• July 29, 2015
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When the Cure Makes Anxiety Worse by David Berndt, Ph.D.

LS guestWhen the Cure Makes Anxiety Worse

By David Berndt, Ph.D.

When I was writing Overcoming Anxiety I noticed one glaring omission in most of the current literature, and that was any in depth discussion of whether, when combatting anxiety, to rely on one technique or another. Is medication always a good idea? Should you challenge a negative thought or maybe instead do some deep breathing, or would self-hypnosis be a better strategy? You see, even very useful and proven techniques are more useful in some situations than others.

Escape Techniques: When to use them
One consideration is that when you use a technique as a way of escaping the anxiety, you generally are getting a short term relief, if you chose an effective method, such as a distraction technique or a benzodiazepine medication. But for individuals with phobias, obsessions, and other anxiety-based fears in which running from the anxiety IS the problem, then a quick success at escaping by something outside of you may only serve to reinforce the fear and make the anxiety seem larger and scarier than before.

When you are so anxious that the only thing you can think of is to take a pill, then when the pill works, and you become accustomed to relying on it, you have taught yourself that the anxiety is much more powerful than you are, and you need the medicine to deal with it. The same is true if you successfully use a distraction technique like the 54321 method I discussed in Overcoming Anxiety. If you are convinced that you need a powerful technique, chances are that the reliance on that technique this time, will necessitate that same reliance the next time that severe anxiety shows you the same face. You get away for now, but only to find that the anxiety monster has grown the next time.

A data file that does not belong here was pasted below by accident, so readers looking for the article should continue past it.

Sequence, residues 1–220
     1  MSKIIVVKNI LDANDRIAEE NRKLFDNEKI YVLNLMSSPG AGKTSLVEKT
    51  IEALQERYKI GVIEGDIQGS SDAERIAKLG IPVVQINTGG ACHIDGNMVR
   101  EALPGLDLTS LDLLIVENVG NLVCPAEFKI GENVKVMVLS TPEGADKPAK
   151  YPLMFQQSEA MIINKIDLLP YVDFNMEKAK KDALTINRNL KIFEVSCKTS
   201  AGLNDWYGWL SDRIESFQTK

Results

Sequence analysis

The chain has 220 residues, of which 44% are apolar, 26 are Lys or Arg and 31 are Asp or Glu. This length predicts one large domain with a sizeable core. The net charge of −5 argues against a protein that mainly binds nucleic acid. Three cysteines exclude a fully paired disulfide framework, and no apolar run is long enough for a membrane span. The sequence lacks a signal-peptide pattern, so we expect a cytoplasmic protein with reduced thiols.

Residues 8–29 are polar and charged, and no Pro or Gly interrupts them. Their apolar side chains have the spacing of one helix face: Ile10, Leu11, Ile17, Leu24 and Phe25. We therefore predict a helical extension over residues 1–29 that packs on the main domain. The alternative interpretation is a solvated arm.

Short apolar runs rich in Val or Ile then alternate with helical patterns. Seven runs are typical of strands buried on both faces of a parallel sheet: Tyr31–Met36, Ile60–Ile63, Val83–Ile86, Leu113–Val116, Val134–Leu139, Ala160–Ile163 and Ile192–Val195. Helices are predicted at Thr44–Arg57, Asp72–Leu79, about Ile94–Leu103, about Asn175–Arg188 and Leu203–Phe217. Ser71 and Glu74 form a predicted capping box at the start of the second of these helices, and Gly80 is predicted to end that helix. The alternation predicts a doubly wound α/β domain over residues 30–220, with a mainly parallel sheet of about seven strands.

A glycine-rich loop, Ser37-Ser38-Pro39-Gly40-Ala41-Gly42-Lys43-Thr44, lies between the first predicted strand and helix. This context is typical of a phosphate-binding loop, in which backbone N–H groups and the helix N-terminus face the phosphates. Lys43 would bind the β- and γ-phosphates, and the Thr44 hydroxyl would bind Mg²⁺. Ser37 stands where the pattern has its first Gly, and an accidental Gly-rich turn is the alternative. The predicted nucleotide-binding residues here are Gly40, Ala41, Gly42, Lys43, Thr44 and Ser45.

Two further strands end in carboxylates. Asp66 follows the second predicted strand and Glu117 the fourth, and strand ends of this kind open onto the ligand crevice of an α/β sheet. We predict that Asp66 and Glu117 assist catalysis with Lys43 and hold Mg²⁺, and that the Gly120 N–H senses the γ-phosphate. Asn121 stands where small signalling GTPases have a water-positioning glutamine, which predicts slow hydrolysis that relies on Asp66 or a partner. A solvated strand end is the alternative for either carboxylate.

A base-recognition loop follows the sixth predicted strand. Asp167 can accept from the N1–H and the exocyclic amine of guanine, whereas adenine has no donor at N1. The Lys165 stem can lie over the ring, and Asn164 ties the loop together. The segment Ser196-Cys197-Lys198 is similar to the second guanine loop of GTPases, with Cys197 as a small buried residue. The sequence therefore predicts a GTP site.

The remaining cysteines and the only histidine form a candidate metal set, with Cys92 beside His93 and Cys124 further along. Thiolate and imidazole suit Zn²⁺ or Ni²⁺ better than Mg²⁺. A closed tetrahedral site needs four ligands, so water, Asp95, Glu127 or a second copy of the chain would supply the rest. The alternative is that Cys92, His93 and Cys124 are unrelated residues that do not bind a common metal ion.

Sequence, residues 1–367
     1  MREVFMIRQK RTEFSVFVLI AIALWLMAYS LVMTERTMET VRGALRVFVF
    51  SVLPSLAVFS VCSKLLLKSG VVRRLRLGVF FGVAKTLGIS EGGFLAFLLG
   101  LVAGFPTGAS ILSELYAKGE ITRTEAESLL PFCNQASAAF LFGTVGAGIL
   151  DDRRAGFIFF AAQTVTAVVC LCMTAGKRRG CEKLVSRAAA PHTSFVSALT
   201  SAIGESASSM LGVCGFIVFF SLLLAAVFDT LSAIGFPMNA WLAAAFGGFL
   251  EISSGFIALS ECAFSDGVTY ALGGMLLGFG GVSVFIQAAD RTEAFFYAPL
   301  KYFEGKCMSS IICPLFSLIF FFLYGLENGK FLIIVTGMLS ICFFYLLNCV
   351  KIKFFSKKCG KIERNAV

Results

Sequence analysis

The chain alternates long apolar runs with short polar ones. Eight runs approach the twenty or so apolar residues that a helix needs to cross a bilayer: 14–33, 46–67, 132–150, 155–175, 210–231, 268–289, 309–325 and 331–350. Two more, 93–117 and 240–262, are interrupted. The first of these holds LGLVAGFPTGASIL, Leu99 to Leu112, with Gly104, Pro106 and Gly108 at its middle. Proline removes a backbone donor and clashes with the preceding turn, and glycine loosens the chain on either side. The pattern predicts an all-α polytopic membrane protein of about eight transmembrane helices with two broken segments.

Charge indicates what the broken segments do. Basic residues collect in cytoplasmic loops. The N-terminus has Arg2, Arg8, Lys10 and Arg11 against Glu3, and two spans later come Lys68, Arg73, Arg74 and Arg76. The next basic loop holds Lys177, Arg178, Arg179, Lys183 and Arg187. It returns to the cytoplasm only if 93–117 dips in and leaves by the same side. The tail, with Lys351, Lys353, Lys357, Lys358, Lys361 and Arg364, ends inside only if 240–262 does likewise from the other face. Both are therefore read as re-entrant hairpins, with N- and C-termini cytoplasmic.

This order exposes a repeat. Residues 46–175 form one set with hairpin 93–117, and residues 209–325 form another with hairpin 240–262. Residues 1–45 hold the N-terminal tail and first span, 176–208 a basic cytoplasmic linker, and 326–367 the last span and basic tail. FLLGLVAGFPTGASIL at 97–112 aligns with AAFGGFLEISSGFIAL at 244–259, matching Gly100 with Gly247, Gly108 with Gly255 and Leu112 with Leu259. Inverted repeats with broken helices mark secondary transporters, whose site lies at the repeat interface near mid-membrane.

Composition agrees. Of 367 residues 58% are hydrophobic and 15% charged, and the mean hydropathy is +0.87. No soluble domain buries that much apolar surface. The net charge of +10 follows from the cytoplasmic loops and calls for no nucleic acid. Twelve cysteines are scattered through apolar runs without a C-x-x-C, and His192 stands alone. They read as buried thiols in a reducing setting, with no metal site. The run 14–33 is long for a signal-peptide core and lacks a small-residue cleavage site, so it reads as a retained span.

Escape techniques like medication, self-hypnosis, distraction and guided imagery are not your best choice in these situations. Consider, as a front line intervention one of the grounding techniques, like deep breathing, cognitive reframing, or an exposure technique, so that you can be mastering and deploying a tool rather than making yourself feel more helpless.
When, then, are these escape techniques best applied? One clear example is when there is no immediate danger, and you are well aware of that fact, such as when you realize that you are having a flashback. A flashback occurs often in Post-Traumatic Stress Disorder (PTSD) but more often than you might think in other anxiety disorders. A flashback is present when something incidental (a noise, a smell, a feeling) triggers a memory of a past situation where there was threat that was beyond your resources at that time. You may well need to eventually deal with a flashback, but often, in the here and now, relief is all that is needed. Effectively distracting yourself and/or medication can be very helpful at a time like this, as can guided imagery or self-hypnosis.